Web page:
BBC for SCIENCE & ENVIRONMENT, 4 December 2014, tells that African soil crisis threatens food security because of substantial soil degradation where 65% of arable land, 30% of grazing land and 20% of forests are already damaged. This serious land degradation accounts for about a quarter of land area of sub-Saharan Africa, which is indeed a vast area. The study has been published ahead of the 2015 international year of soils.
According to Montpellier Panel, made up of agricultural, trade and ecology experts from Europe and Africa, the problem needed a higher priority by aid donors as land degradation reduced soil fertility, leading to lower crop yields and increased greenhouse gas emissions. Soil degradation was also hampering economic development, costing the continent’s farmers billions of dollars in lost income.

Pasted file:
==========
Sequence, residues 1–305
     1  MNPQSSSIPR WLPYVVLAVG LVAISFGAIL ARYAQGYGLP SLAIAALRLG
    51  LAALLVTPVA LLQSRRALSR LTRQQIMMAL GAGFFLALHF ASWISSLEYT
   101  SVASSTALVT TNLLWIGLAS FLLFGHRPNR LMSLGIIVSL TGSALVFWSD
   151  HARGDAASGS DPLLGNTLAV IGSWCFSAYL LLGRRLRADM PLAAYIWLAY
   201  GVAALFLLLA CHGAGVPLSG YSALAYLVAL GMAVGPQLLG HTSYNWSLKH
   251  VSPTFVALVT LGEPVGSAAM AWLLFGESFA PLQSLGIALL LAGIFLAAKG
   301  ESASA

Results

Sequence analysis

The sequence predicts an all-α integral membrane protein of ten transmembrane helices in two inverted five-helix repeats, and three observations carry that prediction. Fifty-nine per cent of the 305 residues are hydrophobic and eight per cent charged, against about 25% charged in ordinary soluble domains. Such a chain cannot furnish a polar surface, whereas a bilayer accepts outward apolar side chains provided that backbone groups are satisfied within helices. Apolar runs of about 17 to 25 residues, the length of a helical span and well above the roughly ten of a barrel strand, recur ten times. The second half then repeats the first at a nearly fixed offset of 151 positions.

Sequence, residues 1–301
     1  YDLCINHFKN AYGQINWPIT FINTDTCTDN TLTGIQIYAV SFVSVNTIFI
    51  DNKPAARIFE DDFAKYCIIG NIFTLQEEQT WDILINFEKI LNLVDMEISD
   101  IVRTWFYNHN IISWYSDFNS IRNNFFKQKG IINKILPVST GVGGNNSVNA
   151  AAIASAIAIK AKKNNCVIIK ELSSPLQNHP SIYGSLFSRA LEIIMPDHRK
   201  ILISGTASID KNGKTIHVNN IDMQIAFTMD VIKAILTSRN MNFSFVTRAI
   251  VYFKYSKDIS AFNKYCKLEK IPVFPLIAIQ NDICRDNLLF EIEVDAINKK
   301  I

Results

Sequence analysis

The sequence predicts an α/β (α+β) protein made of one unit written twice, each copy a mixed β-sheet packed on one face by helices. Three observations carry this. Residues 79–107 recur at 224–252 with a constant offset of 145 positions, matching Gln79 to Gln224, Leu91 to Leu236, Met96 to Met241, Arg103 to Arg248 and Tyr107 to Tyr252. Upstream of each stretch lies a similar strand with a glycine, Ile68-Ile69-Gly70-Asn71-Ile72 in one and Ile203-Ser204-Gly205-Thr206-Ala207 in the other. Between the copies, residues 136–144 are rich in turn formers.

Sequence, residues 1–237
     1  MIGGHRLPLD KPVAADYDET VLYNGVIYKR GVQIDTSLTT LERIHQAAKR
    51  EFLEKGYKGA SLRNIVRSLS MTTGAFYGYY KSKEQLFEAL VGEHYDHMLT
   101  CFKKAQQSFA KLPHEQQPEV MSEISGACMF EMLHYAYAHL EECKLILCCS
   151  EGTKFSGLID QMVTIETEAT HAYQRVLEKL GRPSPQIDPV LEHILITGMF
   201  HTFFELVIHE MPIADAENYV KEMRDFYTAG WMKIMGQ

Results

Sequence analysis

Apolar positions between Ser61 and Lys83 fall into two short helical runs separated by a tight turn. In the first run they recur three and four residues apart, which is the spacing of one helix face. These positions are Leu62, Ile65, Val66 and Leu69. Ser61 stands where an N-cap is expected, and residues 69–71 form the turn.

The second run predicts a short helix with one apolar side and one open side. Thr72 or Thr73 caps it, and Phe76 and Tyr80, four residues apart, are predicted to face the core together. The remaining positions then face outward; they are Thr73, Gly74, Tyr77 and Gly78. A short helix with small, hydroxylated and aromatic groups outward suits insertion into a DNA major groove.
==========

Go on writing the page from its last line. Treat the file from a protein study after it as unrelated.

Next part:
The Montpellier Panel said that this issue must be given ‘Global priority’ as Africa is facing a combination of severe difficulties of land degradation, poor yields and a growing population. Panel chairman Sir Prof Gordon Conway, from Imperial College London, described the issue as a “crisis of land degradation and soil management”, adding: “We have got to do something about it”. “There are about 180 million people who are living on land that is in some way or another degraded. It is really very severe.” Neglecting the health of Africa’s soil will lock the continent into a cycle of food insecurity for generations to come, a report has warned.
Other factors are likely to add further threats for accelerating soil degradation, e.g. global warming, hydro-electric power industries (http://www.internationalrivers.org/resources/big-dams-bringing-poverty-not-power-to-africa-2006) and peak phosphorus by the end of this century (http://en.m.wikipedia.org/wiki/Peak_phosphorus).